Wartime Rations – Day Twenty

January 25th. Robert Burns Day.  Even eating wartime rations, there was no way I could let today pass without a nod to Scotland’s famous bard. But haggis?  Was it even available in wartime Scotland?  My grandparents were English and didn’t celebrate Burns Night, so Anne was unable to answer that question for me.

haggisSo I checked out vegetarian haggis recipes online and decided upon this one from The Guardian newspaper.  The recipe included mushrooms (available in the summer), red kidney beans (available on points) and a lemon (very – very – hard to come by and probably only afforded by the rich), so it was a bit of a wartime cheat. It definitely smelled and looked like haggis, but although it tasted great (my husband gave it 8/10) it didn’t taste like any haggis I’ve ever eaten before.

scones

Staying on the Scottish theme, I decided to make some potato scones to go with our mid-morning cup of tea today. I haven’t made these since I was in Miss Lennie’s cookery class back in the day, but straight out the oven with butter melting on them… excellent.  And easy!

My husband’s work colleagues know he’s been eating wartime rations with me, so every morning he goes in to work he has to recount our meal from the previous evening. What they don’t quite believe is how cheap my weekly food shopping has been for the two of us over the past few weeks – around $60Cdn.  ($54.22US, $62.22Australian, 32.85British pounds.)

I’ve worked out next week’s menu and pulled together a shopping list. I’m heading to Safeway tomorrow morning, so will have an itemised bill to show you to prove (hopefully!) that you can eat really well and cheaply.

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Wartime Rations – Day Eighteen

Dinner tonight was two very simple courses.

mince slicesMain course:  Mince slices, from a recipe in We’ll Eat Again, using the last of the mince I cooked the other day. Mix together the mince (or any cooked meat) with mashed potatoes and breadcrumbs, turn onto a floured board, cut into slices and either fry or grill for about 8 minutes. Comfort food on a cold day.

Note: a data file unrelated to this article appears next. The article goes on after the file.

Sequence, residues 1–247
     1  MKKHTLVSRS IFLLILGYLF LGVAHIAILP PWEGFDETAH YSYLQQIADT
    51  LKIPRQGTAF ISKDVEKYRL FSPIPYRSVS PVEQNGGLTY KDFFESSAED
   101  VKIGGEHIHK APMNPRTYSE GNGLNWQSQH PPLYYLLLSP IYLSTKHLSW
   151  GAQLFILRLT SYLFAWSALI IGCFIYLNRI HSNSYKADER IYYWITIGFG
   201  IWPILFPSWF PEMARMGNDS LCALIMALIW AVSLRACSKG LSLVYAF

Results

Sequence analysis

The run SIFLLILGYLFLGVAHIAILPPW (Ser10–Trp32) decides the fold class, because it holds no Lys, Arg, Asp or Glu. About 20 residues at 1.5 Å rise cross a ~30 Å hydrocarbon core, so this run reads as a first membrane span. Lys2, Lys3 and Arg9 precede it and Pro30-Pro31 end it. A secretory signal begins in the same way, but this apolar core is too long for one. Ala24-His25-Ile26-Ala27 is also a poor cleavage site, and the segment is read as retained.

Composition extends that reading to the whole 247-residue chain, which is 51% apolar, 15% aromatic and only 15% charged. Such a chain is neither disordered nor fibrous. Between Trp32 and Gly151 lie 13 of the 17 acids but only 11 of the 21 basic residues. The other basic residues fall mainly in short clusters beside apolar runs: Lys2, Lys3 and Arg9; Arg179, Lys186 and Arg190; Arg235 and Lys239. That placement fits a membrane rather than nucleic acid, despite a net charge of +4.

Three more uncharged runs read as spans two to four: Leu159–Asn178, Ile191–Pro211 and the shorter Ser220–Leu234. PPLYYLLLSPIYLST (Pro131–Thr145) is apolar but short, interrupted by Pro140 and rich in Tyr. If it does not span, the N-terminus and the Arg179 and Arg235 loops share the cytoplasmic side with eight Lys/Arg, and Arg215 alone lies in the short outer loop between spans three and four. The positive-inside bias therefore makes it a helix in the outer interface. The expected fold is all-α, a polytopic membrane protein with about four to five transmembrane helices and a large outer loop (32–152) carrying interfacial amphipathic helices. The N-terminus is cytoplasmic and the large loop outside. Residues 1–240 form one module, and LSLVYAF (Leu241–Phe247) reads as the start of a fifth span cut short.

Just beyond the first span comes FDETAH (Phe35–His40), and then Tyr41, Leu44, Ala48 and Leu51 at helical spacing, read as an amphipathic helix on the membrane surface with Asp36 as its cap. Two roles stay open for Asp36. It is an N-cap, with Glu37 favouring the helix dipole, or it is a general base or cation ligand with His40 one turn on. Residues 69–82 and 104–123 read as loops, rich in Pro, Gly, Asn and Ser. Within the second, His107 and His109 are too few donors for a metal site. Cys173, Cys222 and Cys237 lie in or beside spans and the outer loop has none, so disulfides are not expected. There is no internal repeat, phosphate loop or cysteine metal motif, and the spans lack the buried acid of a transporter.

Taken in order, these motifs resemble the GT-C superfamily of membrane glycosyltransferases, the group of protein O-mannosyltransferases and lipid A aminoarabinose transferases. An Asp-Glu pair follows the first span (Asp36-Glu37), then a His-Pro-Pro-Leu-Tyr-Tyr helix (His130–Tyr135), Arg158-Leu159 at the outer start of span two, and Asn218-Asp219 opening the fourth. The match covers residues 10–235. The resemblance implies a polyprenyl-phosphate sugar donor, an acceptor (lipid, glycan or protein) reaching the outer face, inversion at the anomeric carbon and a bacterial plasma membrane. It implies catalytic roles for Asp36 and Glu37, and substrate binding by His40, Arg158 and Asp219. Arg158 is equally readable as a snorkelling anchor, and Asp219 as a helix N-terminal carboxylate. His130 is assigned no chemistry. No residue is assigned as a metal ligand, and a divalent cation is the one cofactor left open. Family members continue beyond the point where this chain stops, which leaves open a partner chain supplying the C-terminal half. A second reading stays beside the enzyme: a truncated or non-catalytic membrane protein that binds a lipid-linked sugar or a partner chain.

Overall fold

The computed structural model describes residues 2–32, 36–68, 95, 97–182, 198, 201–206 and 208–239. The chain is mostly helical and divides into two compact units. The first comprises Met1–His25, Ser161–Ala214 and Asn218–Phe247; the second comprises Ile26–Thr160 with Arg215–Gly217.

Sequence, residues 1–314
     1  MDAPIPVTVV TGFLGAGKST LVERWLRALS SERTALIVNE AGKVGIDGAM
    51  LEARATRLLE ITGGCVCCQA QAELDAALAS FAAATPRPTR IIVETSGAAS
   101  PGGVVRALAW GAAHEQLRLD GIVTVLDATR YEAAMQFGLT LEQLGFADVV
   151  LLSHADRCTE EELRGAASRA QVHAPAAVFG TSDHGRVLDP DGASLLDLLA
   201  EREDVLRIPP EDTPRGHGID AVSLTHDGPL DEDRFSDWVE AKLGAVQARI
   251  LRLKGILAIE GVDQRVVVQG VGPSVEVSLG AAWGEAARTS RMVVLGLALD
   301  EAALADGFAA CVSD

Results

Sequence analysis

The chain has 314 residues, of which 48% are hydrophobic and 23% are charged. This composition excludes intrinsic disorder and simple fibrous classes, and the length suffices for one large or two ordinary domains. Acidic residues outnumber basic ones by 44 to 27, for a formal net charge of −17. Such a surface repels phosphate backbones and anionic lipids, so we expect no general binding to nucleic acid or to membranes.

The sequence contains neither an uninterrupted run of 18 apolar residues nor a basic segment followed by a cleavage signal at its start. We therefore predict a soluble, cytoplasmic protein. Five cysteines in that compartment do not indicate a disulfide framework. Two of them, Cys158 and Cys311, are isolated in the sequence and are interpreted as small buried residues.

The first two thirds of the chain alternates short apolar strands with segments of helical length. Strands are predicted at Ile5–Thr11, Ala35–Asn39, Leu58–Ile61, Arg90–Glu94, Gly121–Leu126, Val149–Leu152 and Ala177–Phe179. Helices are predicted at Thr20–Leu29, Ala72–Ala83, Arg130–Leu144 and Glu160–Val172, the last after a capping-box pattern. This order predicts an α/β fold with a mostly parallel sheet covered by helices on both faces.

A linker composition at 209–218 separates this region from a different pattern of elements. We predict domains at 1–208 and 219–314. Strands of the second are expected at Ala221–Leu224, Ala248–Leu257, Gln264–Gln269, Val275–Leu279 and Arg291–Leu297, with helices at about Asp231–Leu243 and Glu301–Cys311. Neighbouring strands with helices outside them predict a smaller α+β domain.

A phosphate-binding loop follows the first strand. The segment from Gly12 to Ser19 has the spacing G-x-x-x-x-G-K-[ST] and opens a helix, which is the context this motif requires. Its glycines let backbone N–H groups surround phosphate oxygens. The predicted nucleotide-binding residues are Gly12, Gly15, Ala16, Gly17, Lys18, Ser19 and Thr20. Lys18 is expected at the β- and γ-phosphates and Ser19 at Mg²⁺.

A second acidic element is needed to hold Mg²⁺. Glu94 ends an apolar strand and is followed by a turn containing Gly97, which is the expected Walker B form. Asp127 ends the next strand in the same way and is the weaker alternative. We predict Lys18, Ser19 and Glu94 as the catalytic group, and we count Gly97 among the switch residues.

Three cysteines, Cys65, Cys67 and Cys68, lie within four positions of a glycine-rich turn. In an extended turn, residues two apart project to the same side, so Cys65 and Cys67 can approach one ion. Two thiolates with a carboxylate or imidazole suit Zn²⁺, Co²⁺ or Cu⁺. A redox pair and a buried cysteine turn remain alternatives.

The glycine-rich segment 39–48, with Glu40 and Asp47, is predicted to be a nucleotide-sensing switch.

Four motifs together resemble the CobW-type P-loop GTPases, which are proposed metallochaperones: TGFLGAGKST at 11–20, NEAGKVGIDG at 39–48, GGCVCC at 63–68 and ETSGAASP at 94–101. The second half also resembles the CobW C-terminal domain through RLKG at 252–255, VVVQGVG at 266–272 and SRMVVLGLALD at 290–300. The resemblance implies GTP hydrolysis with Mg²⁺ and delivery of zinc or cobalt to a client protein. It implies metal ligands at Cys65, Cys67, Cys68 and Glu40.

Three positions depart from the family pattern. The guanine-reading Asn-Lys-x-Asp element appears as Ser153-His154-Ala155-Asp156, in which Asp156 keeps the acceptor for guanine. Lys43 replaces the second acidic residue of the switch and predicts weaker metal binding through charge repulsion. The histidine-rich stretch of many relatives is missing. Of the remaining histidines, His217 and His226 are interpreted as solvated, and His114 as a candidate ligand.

Dessert: Fresh pear.

* *

What was it like being evacuated to a new school and then going back to your ‘old’ one?

anne2013For the first few months I went to the Kippen village school and sat the ‘Qualifying’ exam. It was fun, though the poor headmaster didn’t know what had hit him with all these new pupils that he could hardly accommodate. No wonder he appeared so distracted. Then he got another blow: pupils MUST have PE twice a week. He couldn’t accommodate that either and told us it would have to take place in the playground – weather permitting. As for gym shoes – “Dinna’ bother. Any old bachles will do.” I can still hear his voice.

As you already know, I almost hated Hillhead School and found Balfron with its many teachers from Hyndland much easier going, and I did well there. Back in Glasgow, it was back to Hillhead but this time the Secondary School which was just as bad as the Junior one. Then my parents gave me a choice: two more years at Hillhead or one year at the Glasgow and West of Scotland Commercial College in Pitt Street. Of course I opted for a year at the College – so here you see a woman with no school certificates whatever – not even the Lower Leaving one. (Partly because I’d had to repeat a year in junior school because illness had kept me away for nearly 4 or 5 months.) Still, I got by.